There are no national rules or regulations in the UK that stop you from keeping small numbers (less than 50) chickens however there are some regulations to check first.
- DEFRA: You are allowed to keep up to 50 chickens on your land without registering with DEFRA, however after the avian influenza outbreaks, a poultry register was set up in 2005 and you are required to register if you keep more than 50 poultry on the premises – so you need to take into consideration any other poultry you have. There is more information on my page: DEFRA: The Poultry Register
- By-Laws: There are occasionally by-laws for certain properties that prevent people from keeping livestock. Check with your local council that this doesn’t apply to you.
- Covenants: There are sometimes covenants put in place by housing authorities and councils to stop tenants from keeping chickens at their property. This seems to be a local decision as there are no national restrictions.
- House Deeds: Again, the deeds of some properties may state that you are not allowed to keep chickens (again, often stated as keeping livestock). If your property is free of restrictions, you should be able to keep chickens without a problem, however do keep in mind that local residents may complain to the council about noise levels if you keep a cockerel.
There are a number of Laws, regulations and requirements that can affect you (in the UK) and I have created a number of sub pages to cover these briefly:
My neighbours have chickens which roam into my garden (which is fenced). I have a dog and today the chicken has come into the garden and the dog has gone for the chicken. I have told my neighbour who says it is our responsibility to fence our garden if we don’t want the chickens coming in. Is this correct and where do I stand if my dog hurts the chicken on my land?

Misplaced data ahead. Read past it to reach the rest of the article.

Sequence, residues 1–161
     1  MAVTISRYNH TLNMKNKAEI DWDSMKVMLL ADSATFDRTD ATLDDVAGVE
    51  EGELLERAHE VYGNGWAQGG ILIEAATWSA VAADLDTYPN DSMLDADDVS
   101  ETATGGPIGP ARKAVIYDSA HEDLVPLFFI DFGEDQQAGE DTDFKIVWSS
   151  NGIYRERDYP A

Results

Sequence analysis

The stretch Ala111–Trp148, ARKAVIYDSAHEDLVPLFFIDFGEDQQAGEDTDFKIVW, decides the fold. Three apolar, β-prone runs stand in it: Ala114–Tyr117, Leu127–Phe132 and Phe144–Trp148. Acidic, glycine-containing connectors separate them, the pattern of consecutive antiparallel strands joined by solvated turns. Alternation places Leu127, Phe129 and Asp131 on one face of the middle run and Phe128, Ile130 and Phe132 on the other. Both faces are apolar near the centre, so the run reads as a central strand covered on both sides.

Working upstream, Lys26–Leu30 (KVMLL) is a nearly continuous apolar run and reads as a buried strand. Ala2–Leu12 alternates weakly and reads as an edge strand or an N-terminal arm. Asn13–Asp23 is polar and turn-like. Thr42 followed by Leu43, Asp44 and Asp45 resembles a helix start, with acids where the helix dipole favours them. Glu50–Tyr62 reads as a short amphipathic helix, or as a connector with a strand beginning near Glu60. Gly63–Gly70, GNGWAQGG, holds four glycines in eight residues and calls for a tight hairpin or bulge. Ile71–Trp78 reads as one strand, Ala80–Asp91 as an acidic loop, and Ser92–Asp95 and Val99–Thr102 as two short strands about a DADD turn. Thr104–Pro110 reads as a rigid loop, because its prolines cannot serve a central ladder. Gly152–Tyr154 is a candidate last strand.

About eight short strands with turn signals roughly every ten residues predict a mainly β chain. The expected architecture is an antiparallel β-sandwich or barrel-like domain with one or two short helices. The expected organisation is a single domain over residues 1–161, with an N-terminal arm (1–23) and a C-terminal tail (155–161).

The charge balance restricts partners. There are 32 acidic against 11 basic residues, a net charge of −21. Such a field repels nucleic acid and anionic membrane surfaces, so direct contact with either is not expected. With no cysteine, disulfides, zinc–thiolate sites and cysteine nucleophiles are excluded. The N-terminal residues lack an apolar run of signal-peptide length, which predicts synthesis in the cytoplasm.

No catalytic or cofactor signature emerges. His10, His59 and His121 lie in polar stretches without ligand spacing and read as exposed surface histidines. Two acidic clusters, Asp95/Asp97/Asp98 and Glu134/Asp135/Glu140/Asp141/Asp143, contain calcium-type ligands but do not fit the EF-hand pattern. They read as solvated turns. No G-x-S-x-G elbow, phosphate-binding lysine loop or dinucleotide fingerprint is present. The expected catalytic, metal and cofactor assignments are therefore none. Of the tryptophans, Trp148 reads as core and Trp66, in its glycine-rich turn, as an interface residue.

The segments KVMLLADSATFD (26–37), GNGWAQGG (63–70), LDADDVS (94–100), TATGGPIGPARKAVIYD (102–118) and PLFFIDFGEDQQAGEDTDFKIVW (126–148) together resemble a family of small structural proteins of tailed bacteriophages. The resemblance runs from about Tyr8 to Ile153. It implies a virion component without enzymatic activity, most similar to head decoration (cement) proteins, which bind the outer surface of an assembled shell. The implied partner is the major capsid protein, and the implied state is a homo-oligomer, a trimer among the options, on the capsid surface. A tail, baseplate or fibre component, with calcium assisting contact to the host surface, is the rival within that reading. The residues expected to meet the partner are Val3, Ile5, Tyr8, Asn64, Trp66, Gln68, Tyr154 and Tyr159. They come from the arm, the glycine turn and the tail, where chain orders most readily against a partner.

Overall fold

Oh, dear. I’m not a legal person, but I -think- it is the other way around.
Only cats have a right to roam from what I have read (try keeping them in!)
Chickens are classed as livestock and it would be the owner’s responsibility to keep them secured on their land.
I live on a large property and keep chickens .
Two things you can guarantee that come with chickens , Red mite’s and Rats.
If you do decide to keep choocks you should respect your neighbour’s by not building your coop to close to your dividing fence’s have a 3 to 4ft gap all the way around. Rodents will be less likely to dig under your fence
lay chicken wire down and cover with slabs .
(Rats love chicken poo so clean regularly.)
Built up areas have lots of rats just because you don’t see them doesn’t mean there not there and they will make a b line for the chicken coop and if they can’t get in they will give up
What are the rulings on noisy cockerels as we have one driving us mad screeching at the crack of dawn and through the day. Its loud enough the wake us with the window shut and dread to think what it will be like in summer time with the window open.
That’s a nuisance to you I’m sure and I can understand you wanting to find out about the rules for noisy cockerels.
I am not sure there is anything specific, I would check with Citizen’s advice (assuming you live in the UK), I think it would come under a neighbour dispute as a statutory nuisance.
This page has further information:
You might want to start making a case. Approach the neighbour first to explain the disturbance, note the date and time of the visit and then if that doesn’t resolve the issue, send them a polite letter explaining it and asking if they could prevent the disturbance.
Give them a couple more weeks, then you would probably have a strong case to lodge a formal complaint. You need to have been reasonable and done everything to give them a chance to resolve the issue before complaining and who knows, they might not even realise it’s a problem to you.
Let me know how you get on?
A few doors down from me has 4 chickens, and they are in a pen of about a metre and a half long and about a half-metre wide; they’ve had them about a year, and they never let them out, is that allowed?
Unfortunately, (and sadly) it is.
Chickens are classified as livestock, so the same rules that allow hens to be kept in small battery cages (albeit they are bigger ‘enriched cages’ these days) apply to the backyard chicken keeper.
The only thing to check is that they meet the five freedoms.